Home Science & Technology Changhong H5018, the first low-cost smartphone from Baidu

Changhong H5018, the first low-cost smartphone from Baidu

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Chinese search giant Baidu has announced the launch of its first smartphone Changhong H5018.

It is the Baidu’s first move into the mass smartphone market.

Built by Foxconn, the low-cost Changhong H5018 is powered by Baidu’s own mobile operating system, Cloud.

Analysts say it is extremely important Baidu to secure significant presence in the booming mobile industry in China, which has the largest number of smartphone users in the world.

The phone will be the first mobile device to run on Baidu’s Cloud Smart terminal platform and will come with 100GB of cloud storage on Wangpan, the local equivalent of Dropbox and Google Drive.

Built by Foxconn the low cost Changhong H5018 is powered by Baidus own mobile operating system Cloud photo

Built by Foxconn, the low-cost Changhong H5018 is powered by Baidu's own mobile operating system, Cloud

With a price tag of less than 1,000 yuan ($158), it will face fierce competition at the Chinese low-end smartphone market.

Customers currently have a choice between low-cost handsets made by firms such as Huawei Technologies, ZTE Corp, HTC, Lenovo and Xiaomi.

But Baidu’s director of international communications, Kaiser Kuo, said he believed that H5018 would do well.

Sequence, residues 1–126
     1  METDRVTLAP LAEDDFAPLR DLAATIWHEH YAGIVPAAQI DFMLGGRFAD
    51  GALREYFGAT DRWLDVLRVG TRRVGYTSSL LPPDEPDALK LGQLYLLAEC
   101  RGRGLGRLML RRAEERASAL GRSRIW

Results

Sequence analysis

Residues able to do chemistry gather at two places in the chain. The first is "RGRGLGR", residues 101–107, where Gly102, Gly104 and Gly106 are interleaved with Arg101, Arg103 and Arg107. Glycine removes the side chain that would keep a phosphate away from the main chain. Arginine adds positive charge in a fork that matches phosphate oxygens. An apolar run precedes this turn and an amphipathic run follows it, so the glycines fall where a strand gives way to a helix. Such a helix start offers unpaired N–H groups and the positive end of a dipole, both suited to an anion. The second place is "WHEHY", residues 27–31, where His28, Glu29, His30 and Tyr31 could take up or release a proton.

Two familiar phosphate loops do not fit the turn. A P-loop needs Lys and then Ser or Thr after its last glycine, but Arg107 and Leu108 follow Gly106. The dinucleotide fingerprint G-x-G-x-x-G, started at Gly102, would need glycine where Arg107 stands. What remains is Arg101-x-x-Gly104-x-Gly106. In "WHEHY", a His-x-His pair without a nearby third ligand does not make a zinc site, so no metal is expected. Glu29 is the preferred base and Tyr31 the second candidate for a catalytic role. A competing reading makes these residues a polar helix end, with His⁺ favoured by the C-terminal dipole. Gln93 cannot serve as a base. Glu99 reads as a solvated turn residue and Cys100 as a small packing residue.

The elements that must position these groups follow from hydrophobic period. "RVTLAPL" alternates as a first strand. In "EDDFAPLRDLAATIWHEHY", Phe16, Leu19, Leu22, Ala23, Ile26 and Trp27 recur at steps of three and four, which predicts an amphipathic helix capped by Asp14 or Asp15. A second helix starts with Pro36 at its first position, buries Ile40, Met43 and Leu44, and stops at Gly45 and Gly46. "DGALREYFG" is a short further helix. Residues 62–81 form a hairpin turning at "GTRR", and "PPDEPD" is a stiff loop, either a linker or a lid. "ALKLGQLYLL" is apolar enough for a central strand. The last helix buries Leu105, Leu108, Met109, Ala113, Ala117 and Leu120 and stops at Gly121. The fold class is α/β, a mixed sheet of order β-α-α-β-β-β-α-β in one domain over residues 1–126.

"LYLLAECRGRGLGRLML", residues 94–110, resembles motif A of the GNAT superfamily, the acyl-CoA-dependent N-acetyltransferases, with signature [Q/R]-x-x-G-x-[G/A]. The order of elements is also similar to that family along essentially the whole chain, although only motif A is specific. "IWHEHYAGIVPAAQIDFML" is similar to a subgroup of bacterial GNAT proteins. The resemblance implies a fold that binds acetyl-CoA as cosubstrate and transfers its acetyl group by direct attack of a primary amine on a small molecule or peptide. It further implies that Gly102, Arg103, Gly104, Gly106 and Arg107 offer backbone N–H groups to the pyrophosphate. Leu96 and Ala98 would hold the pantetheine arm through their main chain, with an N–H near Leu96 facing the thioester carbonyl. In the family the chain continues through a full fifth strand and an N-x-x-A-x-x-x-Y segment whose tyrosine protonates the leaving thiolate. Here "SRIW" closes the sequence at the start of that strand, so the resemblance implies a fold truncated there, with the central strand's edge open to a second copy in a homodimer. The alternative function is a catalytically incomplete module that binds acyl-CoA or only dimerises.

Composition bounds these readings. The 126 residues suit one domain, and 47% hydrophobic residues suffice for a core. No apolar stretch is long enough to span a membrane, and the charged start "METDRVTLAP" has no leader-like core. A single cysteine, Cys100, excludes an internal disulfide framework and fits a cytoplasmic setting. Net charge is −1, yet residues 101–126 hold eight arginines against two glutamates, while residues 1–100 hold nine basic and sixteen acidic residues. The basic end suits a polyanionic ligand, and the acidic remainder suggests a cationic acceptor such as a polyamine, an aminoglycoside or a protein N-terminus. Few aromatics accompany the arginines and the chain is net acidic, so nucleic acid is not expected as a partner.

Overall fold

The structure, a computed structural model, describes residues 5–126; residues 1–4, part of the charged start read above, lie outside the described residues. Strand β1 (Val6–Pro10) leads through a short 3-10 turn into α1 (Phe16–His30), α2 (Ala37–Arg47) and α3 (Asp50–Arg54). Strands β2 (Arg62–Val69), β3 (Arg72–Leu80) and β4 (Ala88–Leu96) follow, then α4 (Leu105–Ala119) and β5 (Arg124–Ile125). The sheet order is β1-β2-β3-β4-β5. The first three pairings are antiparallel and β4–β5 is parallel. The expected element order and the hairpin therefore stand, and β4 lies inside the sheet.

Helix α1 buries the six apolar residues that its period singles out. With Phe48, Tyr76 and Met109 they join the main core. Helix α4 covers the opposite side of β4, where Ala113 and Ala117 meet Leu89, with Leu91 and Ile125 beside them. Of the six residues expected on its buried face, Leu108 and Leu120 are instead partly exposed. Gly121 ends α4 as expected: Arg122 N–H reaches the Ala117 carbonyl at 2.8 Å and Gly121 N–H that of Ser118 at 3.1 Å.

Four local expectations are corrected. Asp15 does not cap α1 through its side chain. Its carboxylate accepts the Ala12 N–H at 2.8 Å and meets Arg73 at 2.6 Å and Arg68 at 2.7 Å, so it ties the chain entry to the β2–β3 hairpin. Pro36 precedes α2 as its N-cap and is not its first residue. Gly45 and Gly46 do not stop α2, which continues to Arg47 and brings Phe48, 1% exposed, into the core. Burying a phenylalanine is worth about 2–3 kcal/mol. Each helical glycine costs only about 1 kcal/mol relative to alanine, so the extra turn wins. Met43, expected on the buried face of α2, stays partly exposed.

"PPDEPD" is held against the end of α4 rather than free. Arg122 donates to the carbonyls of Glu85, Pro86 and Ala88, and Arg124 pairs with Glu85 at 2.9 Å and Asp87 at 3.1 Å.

“It’s a terrific market opportunity for us, and Baidu is constantly adjusting, understanding what users are interested in,” said Kaiser Kuo.

“The new handset is integrated with the cloud – and with our 100GB offering, I think that no one will be able to match that.”

Earlier this year, Baidu said it had to develop a stronger presence in China’s rapidly expanding mobile space.

With its Cloud Smart terminal platform, it hopes to attract the interest of hardware manufacturers.

“Baidu is recreating itself – we used to be a product-focused company, but now we are becoming a platform-focused company,” said Kaiser Kuo.


It was important for internet companies to secure presence in the mobile industry, said Beijing-based digital media analyst Bill Bishop.

“Mobile internet usage is booming. If Baidu doesn’t have a significant presence, they risk challenges to their business, and they [could] miss out on a new frontier,” he said.

“That said, they also risk alienating other handset partners who might use them as the search partner, but now see them as competitors.”

The new smartphone is primarily aimed at the Chinese market.

“Access to cloud-based services is a critical piece of the technology, and since they are tailored for China, it doesn’t make sense to push outside to other markets right now,” said Kaiser Kuo.

With access to Google’s search hampered by the Chinese government’s internet regulations known as the Great Firewall of China, Baidu dominates the country’s search traffic.

 

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